We analyzed both operative and nonoperative treatment groups for reaching threshold in at least 1 or more HRQOL measures, 2 or more HRQOL measures, and 4-6 HRQOL measures. More than 50% of patients in each group reached threshold improvement in at least 1 HRQOL measure; however, no statistically significant difference in relative risk occured at 1 HRQOL measure although patients in the operative group were significantly more likely to achieve MCID thresholds for improvement in multiple measures.
We also evaluated the patients who reached the threshold for MCID deterioration (Table 6). Patients in the operative group reached MCID threshold deterioration in 15% or fewer cases for each HRQOL measure. In contrast, patients in the nonoperative group had higher rates of threshold deterioration (6% to 25%) for all HRQOL measures compared with patients in the operative group (P<0.01). Further analysis with risk ratios revealed that nonoperative patients demonstrated a higher risk of reaching threshold deterioration with a 95% confidence interval in all HRQOL measures except ODI. The highest percentage of threshold deterioration in the nonoperative group was for the SRS activity measure (25%). When comparing the 2 groups for the likelihood of MCID deterioration, patients in the operative group were approximately one-half as likely to deteriorate compared to patients in the nonoperative group, especially for the SRS domains of activity, pain, appearance, and mental as well as the SF-36 physical component score.
Some patients in both the operative and nonoperative groups reached neither threshold improvement nor threshold deterioration and were classified as having not reached MCID change (Table 7). In the operative group, 23%-48% of patients did not sustain an MCID change in the HRQOL measures. Among patients in the nonoperative group, 55%-87% of patients did not sustain an MCID change. When comparing the nonoperative to operative group for not reaching MCID threshold deterioration or improvement, the operative group had a lower relative risk—ranging from 0.31 to 0.73—across all HRQOL measures and was thus less likely to remain unchanged. Stated another way, patients in the nonoperative group were up to 3 times as likely to show neither MCID improvement nor deterioration with a 95% CI.
In this study, we attempted to analyze and quantify clinically noticeable change that patients with ASD experience during their nonsurgical management or after their operative care. We used the MCID to further describe changes in HRQOL scores and place them in the context of clinical gain or loss. We also analyzed MCID distribution within subgroups to better refine potentially broad conclusions.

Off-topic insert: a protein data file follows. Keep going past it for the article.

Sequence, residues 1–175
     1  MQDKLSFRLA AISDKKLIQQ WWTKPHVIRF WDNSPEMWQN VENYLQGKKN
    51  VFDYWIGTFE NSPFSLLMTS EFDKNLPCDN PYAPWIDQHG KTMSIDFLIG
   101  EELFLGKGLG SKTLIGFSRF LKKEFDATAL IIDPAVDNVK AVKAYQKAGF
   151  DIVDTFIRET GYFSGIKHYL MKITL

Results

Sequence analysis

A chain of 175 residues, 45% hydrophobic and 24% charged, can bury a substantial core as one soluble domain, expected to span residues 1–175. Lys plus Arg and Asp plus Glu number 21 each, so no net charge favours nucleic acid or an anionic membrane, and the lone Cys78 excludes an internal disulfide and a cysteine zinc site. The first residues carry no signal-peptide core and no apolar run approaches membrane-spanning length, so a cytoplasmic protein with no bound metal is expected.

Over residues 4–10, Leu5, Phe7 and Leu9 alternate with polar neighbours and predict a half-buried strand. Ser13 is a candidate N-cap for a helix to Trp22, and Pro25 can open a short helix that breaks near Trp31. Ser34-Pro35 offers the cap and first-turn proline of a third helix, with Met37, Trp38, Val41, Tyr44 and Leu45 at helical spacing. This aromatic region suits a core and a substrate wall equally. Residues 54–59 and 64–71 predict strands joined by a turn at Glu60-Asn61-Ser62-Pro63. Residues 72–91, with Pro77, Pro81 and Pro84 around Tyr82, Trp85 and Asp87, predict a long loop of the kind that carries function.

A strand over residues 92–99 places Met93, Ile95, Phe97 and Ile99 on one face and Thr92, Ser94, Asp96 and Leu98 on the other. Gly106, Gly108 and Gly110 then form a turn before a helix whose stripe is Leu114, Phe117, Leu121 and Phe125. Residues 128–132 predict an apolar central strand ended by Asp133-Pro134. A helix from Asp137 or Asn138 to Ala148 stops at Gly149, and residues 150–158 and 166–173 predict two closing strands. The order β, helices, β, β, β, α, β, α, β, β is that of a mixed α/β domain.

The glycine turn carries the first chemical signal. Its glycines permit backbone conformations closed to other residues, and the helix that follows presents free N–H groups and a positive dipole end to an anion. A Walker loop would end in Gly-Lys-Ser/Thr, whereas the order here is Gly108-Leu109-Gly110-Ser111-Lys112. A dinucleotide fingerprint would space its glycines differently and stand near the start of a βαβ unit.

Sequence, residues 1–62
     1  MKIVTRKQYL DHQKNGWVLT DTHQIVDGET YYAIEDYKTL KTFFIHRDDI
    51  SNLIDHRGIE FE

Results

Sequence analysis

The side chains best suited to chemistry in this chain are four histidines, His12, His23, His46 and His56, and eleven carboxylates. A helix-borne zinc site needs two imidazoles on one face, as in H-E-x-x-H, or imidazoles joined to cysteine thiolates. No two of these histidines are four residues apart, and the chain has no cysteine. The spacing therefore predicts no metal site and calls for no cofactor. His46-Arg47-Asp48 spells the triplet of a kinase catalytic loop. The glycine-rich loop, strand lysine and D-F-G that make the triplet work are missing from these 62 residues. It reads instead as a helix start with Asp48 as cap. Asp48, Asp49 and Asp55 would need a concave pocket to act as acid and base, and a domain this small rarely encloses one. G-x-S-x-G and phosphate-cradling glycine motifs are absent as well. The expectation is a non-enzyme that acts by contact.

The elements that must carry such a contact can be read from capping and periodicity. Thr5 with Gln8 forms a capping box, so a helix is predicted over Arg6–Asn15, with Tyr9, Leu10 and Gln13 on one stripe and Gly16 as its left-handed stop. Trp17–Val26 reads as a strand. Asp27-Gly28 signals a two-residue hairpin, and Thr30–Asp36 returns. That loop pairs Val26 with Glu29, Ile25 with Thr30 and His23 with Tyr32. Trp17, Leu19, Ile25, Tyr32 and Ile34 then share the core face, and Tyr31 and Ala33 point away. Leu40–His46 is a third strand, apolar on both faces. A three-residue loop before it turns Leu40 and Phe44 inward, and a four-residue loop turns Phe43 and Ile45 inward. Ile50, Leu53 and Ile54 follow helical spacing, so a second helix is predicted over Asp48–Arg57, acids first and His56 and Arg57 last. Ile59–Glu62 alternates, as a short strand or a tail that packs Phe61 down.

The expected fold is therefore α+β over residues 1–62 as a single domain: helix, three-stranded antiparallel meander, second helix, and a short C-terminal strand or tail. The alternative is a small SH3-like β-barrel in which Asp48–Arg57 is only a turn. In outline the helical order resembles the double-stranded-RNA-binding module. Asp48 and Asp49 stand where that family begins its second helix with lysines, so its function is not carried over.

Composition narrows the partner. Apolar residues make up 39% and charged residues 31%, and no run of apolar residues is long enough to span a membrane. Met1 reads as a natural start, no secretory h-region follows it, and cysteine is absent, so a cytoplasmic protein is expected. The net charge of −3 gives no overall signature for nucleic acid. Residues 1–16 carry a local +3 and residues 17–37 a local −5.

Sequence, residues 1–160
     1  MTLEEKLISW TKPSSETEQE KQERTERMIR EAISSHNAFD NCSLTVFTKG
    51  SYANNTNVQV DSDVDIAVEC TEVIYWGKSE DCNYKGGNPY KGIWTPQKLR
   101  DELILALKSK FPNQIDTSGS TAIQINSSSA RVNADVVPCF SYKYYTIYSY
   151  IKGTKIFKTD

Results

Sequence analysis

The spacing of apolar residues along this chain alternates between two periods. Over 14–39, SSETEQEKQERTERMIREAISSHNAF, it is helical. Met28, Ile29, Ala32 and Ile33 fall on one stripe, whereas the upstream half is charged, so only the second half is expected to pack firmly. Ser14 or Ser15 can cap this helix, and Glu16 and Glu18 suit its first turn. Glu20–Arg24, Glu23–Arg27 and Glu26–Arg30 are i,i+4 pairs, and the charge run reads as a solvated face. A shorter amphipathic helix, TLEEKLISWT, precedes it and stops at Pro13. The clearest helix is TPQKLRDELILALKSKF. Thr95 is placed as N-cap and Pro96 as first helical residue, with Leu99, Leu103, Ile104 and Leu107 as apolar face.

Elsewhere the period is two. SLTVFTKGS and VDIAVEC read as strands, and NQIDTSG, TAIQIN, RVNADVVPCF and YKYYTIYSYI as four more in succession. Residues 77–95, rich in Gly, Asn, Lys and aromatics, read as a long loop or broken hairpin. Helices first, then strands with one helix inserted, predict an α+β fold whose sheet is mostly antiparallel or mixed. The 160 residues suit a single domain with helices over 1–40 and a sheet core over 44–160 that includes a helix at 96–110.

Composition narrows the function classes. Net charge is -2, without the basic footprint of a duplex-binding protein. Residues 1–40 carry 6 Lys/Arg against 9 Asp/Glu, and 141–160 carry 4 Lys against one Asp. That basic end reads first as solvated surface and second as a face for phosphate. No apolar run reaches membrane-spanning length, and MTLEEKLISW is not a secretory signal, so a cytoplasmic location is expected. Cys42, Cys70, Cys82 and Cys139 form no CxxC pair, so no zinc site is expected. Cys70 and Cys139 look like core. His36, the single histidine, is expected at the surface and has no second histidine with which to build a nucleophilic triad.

In general, patients in the operative group showed significantly greater improvements in HRQOL measures and also had a higher likelihood of reaching MCID threshold improvement compared to patients in the nonoperative group. Comparatively, patients in the nonoperative group showed only minor improvements in SRS pain scores, were less likely to reach MCID threshold improvement, and were more likely to reach threshold deterioration or have no change in their scores.
The improvements in HRQOL measures for operative treatment of ASD that we used in this study are similar to those in the literature. Prior studies evaluating operative treatment in ASD most commonly use HRQOL measures. Only one study that we were able to identify, investigated by Blondel et al, used MCID to analyze clinical outcomes after surgery.28 Blondel and colleagues found that a greater magnitude of correction in SVA up to 120 mm results in a significantly greater chance of achieving MCID with regard to disability only (ODI). However, no prior reports include a comparison of operative and nonoperative patients who achieved MCID threshold changes across multiple HRQOL measures, including ODI, SF-36, and SRS-22 domains. The findings of our study are further distinguished from those of the previous reports by inclusion of the percentage of nonoperative patients who also demonstrated MCID threshold improvement.
In a grouped analysis of the HRQOL measures, it may be easy to generalize the mean data and conclude that because patients in the operative group as a whole improved significantly more than patients in the nonoperative group, surgery trumps nonoperative management with regard to clinical decision making (Table 4). However, because all patients contribute to the mean, the distribution of patients who improve, deteriorate, and remain the same must also be investigated.
When HRQOL measures are analyzed by subsets and not as means, the subgroups with improvements and deterioration are more readily seen. Fifty-two percent of patients in the nonoperative group reached MCID threshold improvement in at least 1 HRQOL measure (Table 5), a percentage much higher than might be expected given the prior literature on HRQOL measures. Additional scrutiny reveals that the percentage of patients reaching MCID threshold improvements in the nonoperative group was as high as 24% in the SRS pain measure and as low as 7% in ODI. A grouped analysis indicates that nonoperative patients improve minimally, but a closer look indicates that the mean may actually be masking a subset of patients who have improved, albeit not as broadly across the spectrum of HRQOL measures as the operatively treated patients.